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I'm trying to make a sphere roll diagonally but the sphere rotates oddly. I assume this is because it is rotating relative to the sphere's axis rather than the world's.

Is there a way to get a sphere to rotate evenly along two axis? If you can't, is it possible to use an empty and rotate it based on that?

Edit: This is what it does with the correct rotations on the y- and x-axis.

http://minus.com/i/iUqJl0iHl3y6

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  • $\begingroup$ As far as I can tell it's doing exactly what I expect it to do.. Is it possible you could give an example of how you want it to behave? $\endgroup$ – gandalf3 Nov 16 '14 at 7:03
  • $\begingroup$ @gandalf3 I have a sphere that is 8 meters north and 8 meters east from the center. I want it to roll towards the center (diagonally down and to the left). When I enter the correct degrees for the rotations separately, they work okay (it rotates around the x-axis or the y-axis just fine). But when I combine the two, the ball starts to spin normally before acting like a wind-up spin toy and roll in ways that a normal ball would not roll. I'm making a gif right now and will edit if that doesn't make sense. $\endgroup$ – Qwurticus Nov 16 '14 at 8:03
  • $\begingroup$ Related: blender.stackexchange.com/q/12211/599 $\endgroup$ – gandalf3 Nov 16 '14 at 9:13
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This is because you seem to want to rotate around a custom axis, rather than two axes at once.

One way to do this:

  1. Align one of the object's local axes to the axis you wish to rotate around. If you don't want to rotate your actual mesh, see Set rotation values without applying them.

    In this screenshot I've rotate a sphere so that it's local Z is aligned around the axis I wish to roll it along:

    enter image description here

  2. Add an empty and animate it spinning around the axis you aligned (so in this case I've animated it rotating 360° around the Z)

  3. Add a copy rotation constraint to the sphere and select the empty as the target (note that you can press E while hovering over the object selection drop down to select an object in the 3D view). Then disable the axes you don't want to be copied and set the rotation to be "pasted" in the sphere's local space:

    enter image description here

  4. Animate the location of the sphere and you are good to go. Note that the sphere has no rotation keyframes, the rotation is done on the empty and copied with the constraint.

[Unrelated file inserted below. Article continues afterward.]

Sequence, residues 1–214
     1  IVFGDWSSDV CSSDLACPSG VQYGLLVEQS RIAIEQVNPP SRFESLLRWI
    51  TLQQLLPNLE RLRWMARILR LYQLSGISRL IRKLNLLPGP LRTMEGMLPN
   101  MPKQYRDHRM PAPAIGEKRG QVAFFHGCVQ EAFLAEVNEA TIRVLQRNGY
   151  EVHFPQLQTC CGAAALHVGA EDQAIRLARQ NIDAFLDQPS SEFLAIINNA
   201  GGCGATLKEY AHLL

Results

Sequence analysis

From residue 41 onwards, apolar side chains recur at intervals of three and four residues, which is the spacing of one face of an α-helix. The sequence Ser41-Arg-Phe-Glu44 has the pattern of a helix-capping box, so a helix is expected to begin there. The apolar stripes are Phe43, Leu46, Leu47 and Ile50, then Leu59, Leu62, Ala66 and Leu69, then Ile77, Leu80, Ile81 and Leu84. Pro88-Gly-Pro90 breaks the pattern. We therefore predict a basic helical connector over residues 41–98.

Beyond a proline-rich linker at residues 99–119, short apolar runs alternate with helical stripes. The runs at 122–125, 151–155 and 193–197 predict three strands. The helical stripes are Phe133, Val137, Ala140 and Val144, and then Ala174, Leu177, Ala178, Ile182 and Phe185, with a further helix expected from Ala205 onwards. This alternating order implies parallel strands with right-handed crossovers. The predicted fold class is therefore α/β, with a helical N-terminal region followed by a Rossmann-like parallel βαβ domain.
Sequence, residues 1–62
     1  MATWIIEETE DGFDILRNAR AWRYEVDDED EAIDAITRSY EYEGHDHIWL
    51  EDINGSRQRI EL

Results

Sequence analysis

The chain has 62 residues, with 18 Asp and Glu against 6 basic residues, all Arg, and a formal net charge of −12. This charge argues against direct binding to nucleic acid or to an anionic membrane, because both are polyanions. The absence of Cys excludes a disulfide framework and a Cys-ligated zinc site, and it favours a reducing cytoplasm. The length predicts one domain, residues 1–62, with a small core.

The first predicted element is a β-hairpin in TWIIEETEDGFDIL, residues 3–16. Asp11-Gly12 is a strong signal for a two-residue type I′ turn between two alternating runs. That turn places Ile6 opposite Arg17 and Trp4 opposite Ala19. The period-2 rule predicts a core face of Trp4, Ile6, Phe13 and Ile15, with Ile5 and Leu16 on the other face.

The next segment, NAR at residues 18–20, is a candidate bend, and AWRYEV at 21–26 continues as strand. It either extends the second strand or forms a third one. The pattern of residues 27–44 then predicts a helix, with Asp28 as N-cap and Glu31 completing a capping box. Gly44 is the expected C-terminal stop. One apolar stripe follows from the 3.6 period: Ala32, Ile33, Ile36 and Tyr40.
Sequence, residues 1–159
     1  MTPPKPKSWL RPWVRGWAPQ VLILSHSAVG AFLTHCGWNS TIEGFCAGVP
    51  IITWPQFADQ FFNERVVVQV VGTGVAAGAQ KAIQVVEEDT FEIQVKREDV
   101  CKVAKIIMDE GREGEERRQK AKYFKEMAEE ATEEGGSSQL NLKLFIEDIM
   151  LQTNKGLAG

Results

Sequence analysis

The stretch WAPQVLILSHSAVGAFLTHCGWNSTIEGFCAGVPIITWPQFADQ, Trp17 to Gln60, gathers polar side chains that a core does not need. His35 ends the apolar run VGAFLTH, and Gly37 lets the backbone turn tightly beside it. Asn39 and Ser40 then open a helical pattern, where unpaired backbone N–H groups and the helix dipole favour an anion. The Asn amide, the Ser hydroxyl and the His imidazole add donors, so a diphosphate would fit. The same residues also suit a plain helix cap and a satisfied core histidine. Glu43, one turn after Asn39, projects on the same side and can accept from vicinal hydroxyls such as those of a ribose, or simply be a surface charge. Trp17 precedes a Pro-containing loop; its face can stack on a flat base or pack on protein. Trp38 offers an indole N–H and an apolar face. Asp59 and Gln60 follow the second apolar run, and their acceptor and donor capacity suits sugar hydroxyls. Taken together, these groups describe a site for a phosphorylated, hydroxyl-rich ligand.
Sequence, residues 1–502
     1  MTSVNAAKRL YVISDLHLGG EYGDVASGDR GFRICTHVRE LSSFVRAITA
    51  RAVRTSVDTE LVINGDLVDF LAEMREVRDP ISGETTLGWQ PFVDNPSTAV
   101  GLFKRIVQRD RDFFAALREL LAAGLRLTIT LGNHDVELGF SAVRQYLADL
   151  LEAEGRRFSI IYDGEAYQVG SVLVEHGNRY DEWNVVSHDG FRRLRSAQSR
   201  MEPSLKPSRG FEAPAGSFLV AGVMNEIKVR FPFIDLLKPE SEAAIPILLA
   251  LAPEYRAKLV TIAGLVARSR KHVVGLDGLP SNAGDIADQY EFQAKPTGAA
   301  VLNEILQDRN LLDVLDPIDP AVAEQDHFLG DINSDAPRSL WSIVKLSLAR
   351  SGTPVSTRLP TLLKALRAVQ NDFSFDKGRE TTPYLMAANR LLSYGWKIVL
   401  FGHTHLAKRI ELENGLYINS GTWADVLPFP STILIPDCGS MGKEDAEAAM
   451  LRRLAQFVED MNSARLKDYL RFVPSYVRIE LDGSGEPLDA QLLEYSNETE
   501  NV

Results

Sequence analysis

enter image description here


To explain what is happening when you rotate around two axes at once, hopefully this gif can make it clearer:

enter image description here

It's hard to explain :P

The gray Suzanne represents your sphere. Note that it rotates 360° around the Z and 360&deg around the X. Rotating around these axes will not make it rotate around a imaginary diagonal like you seem to expecting.

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  • $\begingroup$ Thank you! I assumed that what was happening to the grey Suzie was what was happening to my sphere. I'm new to animating so thanks a bunch. $\endgroup$ – Qwurticus Nov 16 '14 at 10:16
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    $\begingroup$ If you're keyframing it manually, you could also rotate directly around a local axis. Align one local axis as described in point 1. in gandalf3's answer. Let's say the local Z axis. Then, to rotate it, use RZZ instead of RZ. I'd use quaternion rotation mode for this, as it's free of gimbal lock. However, with quaternion it always makes the shortest rotation, so you should rotate LESS than 180° between each keyframe, or it will rotate in the wrong direction. (It could, of course be done with a driver as well, but quaternions aren't very intuitive to calculate). $\endgroup$ – user7952 Nov 19 '14 at 1:21
  • $\begingroup$ @SixthOfFour I haven't gotten that to work with eulers, but it works great with quaternions. Still, using quaternions makes it a bit difficult to do many rotations like a rolling ball.. $\endgroup$ – gandalf3 Nov 19 '14 at 2:11
  • $\begingroup$ @gandalf3 I haven't tried rotating a moving object like this, but I recently did rotating text around a local axis. However, the text was stationary in location, and the axis didn't change direction. And quaternions are difficult. I discovered them about a year ago, when I discovered Blender, and although I'm truly, madly, deeply in love with math, I'm still trying to wrap my head around them. $\endgroup$ – user7952 Nov 19 '14 at 2:27

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